What agricultural R&D should be funded?
The following are the 'themes and key outputs' identified by the priorities group set up to advise Defra.
The following are the 'themes and key outputs' identified by the priorities group set up to advise Defra. The days are long gone when mechanisation featured - witness the demise of Silsoe Research Institute - but it is interesting that the disruption of food supply has at least been put back on the table whereas politicians had been dismissing any importance saying that we will always be able to buy cheap food (like we could always buy cheap gas?).
Climate Change: Water management, adapted crops, improved soil function, indicators for sustainable land use.
Energy, water and waste: Holistic approaches to food chain waste management, improved efficiency of energy and water use.
Environment and landscape: Research to inform the environmental assessment of new policies, research to inform changes in land management at the landscape scale.
The quality and composition of food: Improve nutritional quality, taste and flavour, develop novel approaches to deliver health benefits, improved crops and livestock, improve the efficiency of small-scale and regional processing.
Food safety and dietary information: Develop improved detection and diagnostics, enhance resistance of primary products to pathogens, investigate how diet, lifestyle and genetic profile interact, establish a better understanding of the health significance of very low levels of contaminants.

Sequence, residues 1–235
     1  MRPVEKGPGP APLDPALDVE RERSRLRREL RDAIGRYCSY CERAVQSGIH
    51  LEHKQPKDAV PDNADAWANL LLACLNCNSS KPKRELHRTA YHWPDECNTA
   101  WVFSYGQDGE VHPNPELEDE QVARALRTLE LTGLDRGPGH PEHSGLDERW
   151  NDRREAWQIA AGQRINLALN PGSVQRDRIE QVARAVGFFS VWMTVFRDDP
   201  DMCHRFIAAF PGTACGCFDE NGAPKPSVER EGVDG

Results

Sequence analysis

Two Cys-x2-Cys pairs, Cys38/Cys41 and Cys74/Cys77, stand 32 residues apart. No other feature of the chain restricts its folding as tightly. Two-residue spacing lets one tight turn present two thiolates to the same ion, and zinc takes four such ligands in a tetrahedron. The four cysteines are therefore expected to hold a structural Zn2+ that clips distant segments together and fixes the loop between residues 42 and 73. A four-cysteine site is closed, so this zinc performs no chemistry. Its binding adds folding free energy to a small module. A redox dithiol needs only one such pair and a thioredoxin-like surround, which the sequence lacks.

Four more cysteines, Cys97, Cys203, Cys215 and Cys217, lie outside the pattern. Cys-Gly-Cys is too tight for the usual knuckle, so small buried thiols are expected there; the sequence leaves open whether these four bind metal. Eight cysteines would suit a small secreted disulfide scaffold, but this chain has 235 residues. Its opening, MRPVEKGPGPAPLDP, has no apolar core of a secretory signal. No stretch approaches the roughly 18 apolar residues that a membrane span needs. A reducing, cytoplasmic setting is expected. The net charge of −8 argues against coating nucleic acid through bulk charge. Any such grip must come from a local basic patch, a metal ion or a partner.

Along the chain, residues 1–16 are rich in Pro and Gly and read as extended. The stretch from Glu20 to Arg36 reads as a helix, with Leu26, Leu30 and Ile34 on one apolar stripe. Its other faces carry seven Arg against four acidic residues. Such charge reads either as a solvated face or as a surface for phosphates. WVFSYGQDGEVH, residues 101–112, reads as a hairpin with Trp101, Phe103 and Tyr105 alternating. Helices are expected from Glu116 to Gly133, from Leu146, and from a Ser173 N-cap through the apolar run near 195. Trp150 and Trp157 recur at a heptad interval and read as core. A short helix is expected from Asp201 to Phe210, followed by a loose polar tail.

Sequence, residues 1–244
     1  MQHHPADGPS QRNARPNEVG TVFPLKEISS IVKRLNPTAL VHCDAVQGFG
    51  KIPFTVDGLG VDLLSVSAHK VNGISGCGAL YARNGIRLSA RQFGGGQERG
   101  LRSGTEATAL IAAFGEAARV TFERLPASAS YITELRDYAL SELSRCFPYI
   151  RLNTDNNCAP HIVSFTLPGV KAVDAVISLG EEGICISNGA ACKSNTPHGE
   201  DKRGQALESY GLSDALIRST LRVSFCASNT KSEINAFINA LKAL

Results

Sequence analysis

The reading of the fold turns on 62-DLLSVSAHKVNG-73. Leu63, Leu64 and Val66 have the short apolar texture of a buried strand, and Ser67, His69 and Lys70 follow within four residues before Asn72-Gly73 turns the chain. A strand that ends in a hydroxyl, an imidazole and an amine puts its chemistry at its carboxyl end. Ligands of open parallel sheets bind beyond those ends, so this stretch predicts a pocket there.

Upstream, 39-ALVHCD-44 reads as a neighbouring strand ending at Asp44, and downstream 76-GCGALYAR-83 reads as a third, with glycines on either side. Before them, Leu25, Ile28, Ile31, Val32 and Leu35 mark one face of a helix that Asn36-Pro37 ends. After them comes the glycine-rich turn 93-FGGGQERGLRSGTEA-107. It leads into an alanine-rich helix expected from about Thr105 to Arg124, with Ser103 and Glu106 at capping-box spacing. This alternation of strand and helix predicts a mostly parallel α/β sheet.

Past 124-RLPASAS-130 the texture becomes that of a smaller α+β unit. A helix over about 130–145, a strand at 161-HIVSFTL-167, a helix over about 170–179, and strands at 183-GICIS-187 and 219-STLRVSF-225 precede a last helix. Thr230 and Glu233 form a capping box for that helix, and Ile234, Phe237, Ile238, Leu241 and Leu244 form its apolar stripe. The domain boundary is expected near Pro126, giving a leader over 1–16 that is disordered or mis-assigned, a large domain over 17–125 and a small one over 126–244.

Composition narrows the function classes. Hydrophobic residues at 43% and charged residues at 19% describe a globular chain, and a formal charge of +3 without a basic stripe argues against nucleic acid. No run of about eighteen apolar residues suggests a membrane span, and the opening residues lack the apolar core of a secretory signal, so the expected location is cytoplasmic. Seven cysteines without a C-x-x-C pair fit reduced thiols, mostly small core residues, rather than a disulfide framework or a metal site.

Disruption of the food supply and understanding sustainability: Assist in the development of policies to safeguard food chain security, compare economic, environmental and social costs of different production systems, develop baseline indicators to measure the impact on sustainability of changes in production systems.
Socio-economic and policy analysis: To facilitate changes in land management at the catchment scale, develop models or tools to assess the social impact of technological innovation, identify and model social, economic and environmental effects of changes in demand for recreation and tourism, investigate the extent to which consumers use and value information, characterise the full range of non-marketed costs and benefits associated with land management.